Friday, July 13, 2012

Lucky Number Seven

This weekend we'll be celebrating Miss Awesome's seventh birthday. She's super excited. I'm a little conflicted. As we were running errands yesterday she was wearing "high heels" (about an inch) and a dress that's starting to get too short. I turned around and nearly fell over with astonishment at the preview of a gorgeous, leggy, teenager stalking along. Then she came up and held my hand and for a little while she was my baby again.

Miss Awesome is not an easy child, nor has she ever been. In her first couple of months she never wanted to be put down, and it was only thanks to a wonderful cadre of women -- Aunt Peg, Grammy Vi, and Mimi in particular -- who took turns toting her around Vermont that I was able to function those first three months. As a toddler she fought tooth and nail when we stopped carrying her. She spent hours sitting on floors, wailing because she wanted me to pick her up, and I just had to wait her out. We were tortured by defiant screaming whenever she was buckled into her car seat. I had to take away her dresses for a year when she refused to wear underwear. More recently I took away all her toys when she wouldn't clean her room.

Will gets extraordinarily upset by her defiance, and we both struggle to redirect her energy from anger to something more positive. Nonetheless I am astonished by and grateful for her spunk. True, Miss Awesome regularly renders me speechless with frustration, but still I look at her and see someone absolutely amazing. She has a truly indomitable spirit, and I can only imagine what she will do with it. Too often I see girls who are meek and quiet and nice. Miss Awesome is not, and hopefully never will be, nice. She is proud and strong and confident and intense and powerful. She is beautiful and determined and strong-willed and creative.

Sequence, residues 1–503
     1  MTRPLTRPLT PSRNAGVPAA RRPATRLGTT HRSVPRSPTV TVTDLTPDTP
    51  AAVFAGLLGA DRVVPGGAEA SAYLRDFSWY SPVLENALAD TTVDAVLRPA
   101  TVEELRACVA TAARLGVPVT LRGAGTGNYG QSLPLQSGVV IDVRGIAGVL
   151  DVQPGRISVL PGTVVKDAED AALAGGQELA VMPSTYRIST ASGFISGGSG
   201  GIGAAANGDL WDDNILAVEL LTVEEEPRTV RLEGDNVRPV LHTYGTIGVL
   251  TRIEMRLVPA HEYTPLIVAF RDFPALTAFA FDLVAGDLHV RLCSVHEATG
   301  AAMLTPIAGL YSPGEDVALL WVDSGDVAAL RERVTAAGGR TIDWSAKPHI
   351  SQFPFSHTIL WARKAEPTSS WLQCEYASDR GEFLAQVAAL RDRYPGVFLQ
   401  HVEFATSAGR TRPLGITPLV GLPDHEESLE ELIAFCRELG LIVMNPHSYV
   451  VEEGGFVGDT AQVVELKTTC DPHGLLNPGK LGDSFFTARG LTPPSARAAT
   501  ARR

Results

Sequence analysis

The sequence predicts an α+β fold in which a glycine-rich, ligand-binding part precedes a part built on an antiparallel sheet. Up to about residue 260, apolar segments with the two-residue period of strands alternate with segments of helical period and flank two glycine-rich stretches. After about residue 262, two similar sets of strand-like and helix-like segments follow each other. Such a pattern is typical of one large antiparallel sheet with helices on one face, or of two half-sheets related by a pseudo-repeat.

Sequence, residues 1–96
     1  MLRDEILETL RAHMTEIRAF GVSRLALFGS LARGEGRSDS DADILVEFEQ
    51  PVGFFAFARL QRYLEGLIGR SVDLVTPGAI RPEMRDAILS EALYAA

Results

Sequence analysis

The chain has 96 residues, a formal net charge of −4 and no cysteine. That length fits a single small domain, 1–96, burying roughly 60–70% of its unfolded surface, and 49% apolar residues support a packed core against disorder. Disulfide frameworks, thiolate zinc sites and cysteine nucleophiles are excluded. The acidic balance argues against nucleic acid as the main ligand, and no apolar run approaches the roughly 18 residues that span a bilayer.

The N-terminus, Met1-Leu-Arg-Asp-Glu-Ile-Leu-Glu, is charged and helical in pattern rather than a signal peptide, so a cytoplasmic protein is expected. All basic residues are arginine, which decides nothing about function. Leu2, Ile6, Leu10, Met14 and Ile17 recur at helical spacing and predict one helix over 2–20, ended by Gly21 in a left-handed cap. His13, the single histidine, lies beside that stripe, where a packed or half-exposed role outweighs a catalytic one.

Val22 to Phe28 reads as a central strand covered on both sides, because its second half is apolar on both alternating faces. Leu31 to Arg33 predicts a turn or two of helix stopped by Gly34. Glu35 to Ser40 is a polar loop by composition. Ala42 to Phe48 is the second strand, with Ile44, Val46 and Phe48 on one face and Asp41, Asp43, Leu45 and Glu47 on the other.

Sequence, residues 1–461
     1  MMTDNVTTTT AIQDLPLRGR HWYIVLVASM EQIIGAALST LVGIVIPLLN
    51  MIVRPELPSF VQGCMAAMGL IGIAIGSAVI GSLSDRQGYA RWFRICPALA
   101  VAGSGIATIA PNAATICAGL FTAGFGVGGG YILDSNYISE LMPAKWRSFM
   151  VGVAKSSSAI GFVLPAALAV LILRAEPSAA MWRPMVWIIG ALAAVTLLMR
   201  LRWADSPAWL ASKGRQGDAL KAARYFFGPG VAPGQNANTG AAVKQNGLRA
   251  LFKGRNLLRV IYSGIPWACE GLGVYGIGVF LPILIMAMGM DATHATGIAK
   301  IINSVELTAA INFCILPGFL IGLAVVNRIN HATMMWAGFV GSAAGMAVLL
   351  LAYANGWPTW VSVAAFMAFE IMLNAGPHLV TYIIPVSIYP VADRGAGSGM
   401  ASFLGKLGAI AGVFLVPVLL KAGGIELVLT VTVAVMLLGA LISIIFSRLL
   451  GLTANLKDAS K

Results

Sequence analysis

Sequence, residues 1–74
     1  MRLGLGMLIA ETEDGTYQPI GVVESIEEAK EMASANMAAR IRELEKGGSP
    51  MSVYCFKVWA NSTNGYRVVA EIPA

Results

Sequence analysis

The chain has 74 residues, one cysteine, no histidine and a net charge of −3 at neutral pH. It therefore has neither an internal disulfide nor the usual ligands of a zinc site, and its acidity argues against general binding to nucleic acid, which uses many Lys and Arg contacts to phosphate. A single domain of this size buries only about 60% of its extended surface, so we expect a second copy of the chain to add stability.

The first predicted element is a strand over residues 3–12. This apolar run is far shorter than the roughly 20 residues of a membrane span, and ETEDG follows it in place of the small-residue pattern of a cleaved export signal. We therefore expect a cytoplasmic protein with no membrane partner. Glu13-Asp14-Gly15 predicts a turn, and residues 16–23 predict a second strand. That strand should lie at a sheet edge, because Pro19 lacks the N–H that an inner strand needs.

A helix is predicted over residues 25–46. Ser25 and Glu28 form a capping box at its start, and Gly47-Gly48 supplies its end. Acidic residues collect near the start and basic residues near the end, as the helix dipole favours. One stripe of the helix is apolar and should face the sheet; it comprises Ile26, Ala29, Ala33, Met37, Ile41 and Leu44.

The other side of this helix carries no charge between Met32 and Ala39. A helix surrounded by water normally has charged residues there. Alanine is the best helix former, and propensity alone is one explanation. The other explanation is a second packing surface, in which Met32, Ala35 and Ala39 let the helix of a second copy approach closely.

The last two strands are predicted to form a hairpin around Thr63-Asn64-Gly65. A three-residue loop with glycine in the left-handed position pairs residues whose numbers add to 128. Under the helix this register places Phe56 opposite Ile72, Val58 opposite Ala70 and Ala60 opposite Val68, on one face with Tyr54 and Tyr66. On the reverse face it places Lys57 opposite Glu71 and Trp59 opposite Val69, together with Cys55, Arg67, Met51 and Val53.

She is a gift.

This weekend we celebrate the anniversary of her birth, but in my heart I will be celebrating my good fortune in being her mother.

Thursday, July 12, 2012

Small Town, Big City

I grew up in a small town of just over 3,000 people in the 1980s. It was pretty idyllic. There's some truth to the depiction of small towns in the media. Everyone really does know everyone else. We left the doors unlocked, and never needed to knock at the neighbor's house. The town cops ticketed me once for failing to signal a right-hand turn -- on my bicycle! Because it was such a small community, we also were very close-knit. When I was in elementary school our town was devastated by an industrial accident which killed 15 men. Nearly everyone in our class lost a relative or friend. The town rallied, as it always does, with memorial services and fundraising potlucks in the park.

My parents still live in their house in the center of town. I go back several times a year and am astonished each time by how much it has grown. More than 6,500 people live there now, and there are new suburban style developments whose residents don't really mix with the old timers. But the heart is still there. When I run to the grocery store I am always greeted by the manager, for whom I used to work a lifetime ago. My mom keeps me updated on the local gossip, and keeps everyone there posted on my life so when we run into each other conversation continues like I never left. I fled because the town was too small, but I miss that closeness now.

Today I live in a big city where the metropolitan area population numbers in the millions. We have every amenity, convenience, and opportunity a modern American city can offer. I love it. I love the anonymity. I also love the variety and number of people. When there are only a couple hundred kids around, and everyone has roughly the same background and interests, making friends as the odd kid is not easy. With so many people to choose from it's been a little easier for me to find a fit, and I'm hoping it works that way for my kids, too.

Still, there's a special kind of security in a small town. People watch out for each other. So I was pleased and grateful the other day when I realized that my neighborhood really is a small town inside the big city. I know all the grocery store clerks by name and chat with them about their kids and gardens. I run into folks I know on the street and we say a quick hello. There's a neighborhood group on facebook where people can ask for the name of a good window cleaner, or hear about a burglary. On our block in particular all the kids roam from house to house, playing across half-a-dozen front yards just as I did when I was their age.